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More than a million people visit the Stonehenge World Heritage Site every year, pondering the stones and soaking up the surrounding landscape. When was it built? Who built it? What was it? How did it work?
"Highly recommended." --"Choice"
--This text refers to the
About the Author
Timothy Darvill is Professor of Archaeology in the School of Conservation Sciences at Bournemouth University and has been involved with Stonehenge and its management for more than 20 years. Previous books included Prehistoric Britain (1994), the Concise Oxford Dictionary of Archaeology (2002), and Long barrows of the Cotswolds and surrounding areas (The History Press, 2004). He has served as Chairman of the Institute of Field Archaeologists and was a Member of the Council of the National Trust. Current research interests focus on archaeological resource management and the Neolithic of northwest Europe. His is director of the Billown Neolithic Landscape Project working in the Isle of Man.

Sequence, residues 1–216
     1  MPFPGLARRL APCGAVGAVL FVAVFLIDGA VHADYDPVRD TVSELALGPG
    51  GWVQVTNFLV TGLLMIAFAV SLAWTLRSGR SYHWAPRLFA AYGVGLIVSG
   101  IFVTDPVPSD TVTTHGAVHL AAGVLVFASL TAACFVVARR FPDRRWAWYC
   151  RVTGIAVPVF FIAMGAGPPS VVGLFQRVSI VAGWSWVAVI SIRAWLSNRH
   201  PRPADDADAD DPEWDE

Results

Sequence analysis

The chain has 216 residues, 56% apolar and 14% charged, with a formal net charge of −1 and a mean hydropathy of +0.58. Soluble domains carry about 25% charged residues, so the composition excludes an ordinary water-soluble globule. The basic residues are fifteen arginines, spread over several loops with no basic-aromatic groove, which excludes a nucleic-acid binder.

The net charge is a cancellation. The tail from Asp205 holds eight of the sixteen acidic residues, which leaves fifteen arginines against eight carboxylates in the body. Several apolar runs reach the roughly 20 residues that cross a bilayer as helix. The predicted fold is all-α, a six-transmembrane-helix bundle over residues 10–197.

Well written and easy to understand. The focus of this book is very much about the overall development of this area, rather than concentrating on the monument. As such, it gives valuable insights into what else exists and, in some cases, describes things which are not noted elsewhere (some Stonehenge books contain very similar content, but this is not one of them)
I keep coming back to this book time and time again, so I invested in a copy. Excellent 'in-depth' information for not only Stonehenge as a monument but also puts it in context within the landscape. A great resource for anyone studying archaeology.